From 16th December 2016, the Bukovje Manor has been housing a permanent exhibition on the noble family Kometer, which has written the final great chapter in the history of the Puchenstein seigniory (1817-1932). The exhibition was created in cooperation with the National Museum of Slovenia (Department of History and Applied Arts) and is based on the scientific research carried out by Tomaž Lazar, Ph.D.
The Kometer family has bequeathed upon us an accomplished architectural legacy of the Puchenstein Manor, which has developed from an aristocratic country lodge into an interesting example of historicism in the Slovenian area and enriched the Slovenian cultural heritage considerably more than many other more respectable and recognizable families of its time. The family members have also made a particularly significant contribution as collectors of antiquities. The last baron, Hans Karl Kometer, in particular, has managed to amass a precious collection of antiquities and works of art, which has had an important impact on the expansion of national museum collections in Slovenia. After his death, the once economically thriving estate with the manor and rich interior décor, has disintegrated in the whirlwind of auctions and lengthy judicial procedures.
In its essence, the permanent exhibition featuring the Kometer family mainly focuses on the life of the family and the history of the Manor, which was indelibly marked by their presence. Due to a combination of circumstances, the descendants of the family, governing the Manor for many generations, have unfortunately met a premature demise as their tragic story eventually concluded with the sale of property, namely the majority of their movable heritage. Due to the collectors’ passion of the baron Hans Karl Kometer, who was an avid collector of antique items, particularly military antiques, the Manor was furnished with period-appropriate precious antiques, amongst which the late Gothic winged altar by Marx Reichlich (Tryptich of the Knillenberg family, around 1511) and the suit of armour made by the Nuremberg armorer Valentin Siebenbürger during the 1630s, were particularly conspicuous. The first is kept in the National Gallery in Ljubljana and the second is on display as part of the permanent exhibition “Vojska čuva sedem zakladov (kovina in orožje)” (The seven hidden treasures of army – metal and weapons) in the National Museum of Slovenia’s department located on the Metelkova ulica street. When the property was auctioned-off in the 1930s, the collection of weapons was the very focal point of the judicial tug of war, which was finally won by the current custodian of the collection. The entire collection of weapons as an indivisible whole, which ultimately remained on Slovenian and not Austrian soil, primarily thanks to the director of the National Museum of Slovenia at the time, Josip Mal, Ph.D, officially became the property of the National Museum of Slovenia in 1935, following a lengthy judicial procedure. The exhibition “The Kometer Family – Barons from Puchenstein” is the first phase of a long-term project that includes the systematic inventory and documentation of the movable heritage that was auctioned-off. Including some original items from the Kometers’ collection, the current museum exhibition recounts the story of the family, their precious collection and the manor, which, during its golden age, was above all else the home of this indigenous noble family.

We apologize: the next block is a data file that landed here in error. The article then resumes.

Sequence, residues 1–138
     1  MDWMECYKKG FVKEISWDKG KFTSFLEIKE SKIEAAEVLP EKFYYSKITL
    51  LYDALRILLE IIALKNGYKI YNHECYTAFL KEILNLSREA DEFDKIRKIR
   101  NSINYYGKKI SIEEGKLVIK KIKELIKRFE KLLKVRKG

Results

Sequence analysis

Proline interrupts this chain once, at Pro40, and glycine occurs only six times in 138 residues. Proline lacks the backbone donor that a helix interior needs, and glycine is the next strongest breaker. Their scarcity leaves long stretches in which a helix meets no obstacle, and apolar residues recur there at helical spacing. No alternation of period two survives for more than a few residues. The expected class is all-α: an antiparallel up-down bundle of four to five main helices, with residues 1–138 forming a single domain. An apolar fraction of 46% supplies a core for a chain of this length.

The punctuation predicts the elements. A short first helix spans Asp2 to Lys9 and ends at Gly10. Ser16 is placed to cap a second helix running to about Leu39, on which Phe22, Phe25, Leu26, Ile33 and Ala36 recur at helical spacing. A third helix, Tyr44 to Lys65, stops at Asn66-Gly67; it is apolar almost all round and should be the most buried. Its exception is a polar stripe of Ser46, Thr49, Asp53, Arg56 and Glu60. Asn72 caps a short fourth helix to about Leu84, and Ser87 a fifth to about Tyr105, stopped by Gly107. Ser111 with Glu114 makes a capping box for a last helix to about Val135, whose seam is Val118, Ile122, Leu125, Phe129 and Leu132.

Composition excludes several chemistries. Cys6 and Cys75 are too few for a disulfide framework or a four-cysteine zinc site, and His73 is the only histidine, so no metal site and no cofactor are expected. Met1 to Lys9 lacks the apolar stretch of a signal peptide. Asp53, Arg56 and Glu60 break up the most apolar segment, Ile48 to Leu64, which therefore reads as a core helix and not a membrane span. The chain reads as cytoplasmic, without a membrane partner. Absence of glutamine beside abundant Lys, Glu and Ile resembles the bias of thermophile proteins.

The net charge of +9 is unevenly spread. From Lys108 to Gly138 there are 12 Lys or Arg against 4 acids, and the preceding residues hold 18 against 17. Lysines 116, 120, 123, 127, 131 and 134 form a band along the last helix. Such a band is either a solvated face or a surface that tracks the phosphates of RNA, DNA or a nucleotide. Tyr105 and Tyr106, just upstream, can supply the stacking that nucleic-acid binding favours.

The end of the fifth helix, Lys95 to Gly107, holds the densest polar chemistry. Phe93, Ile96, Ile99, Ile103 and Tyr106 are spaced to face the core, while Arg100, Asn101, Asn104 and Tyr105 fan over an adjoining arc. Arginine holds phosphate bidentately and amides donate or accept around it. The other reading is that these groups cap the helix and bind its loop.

Contact: +386 2 62 12 520 (reception), +386 2 62 12 522 (museum office)
Open: Tuesday - Friday. from 8.00 to 15.00, Saturday and Sunday upon prior notice
Location: Dvorec Bukovje, Bukovje 13, Dravograd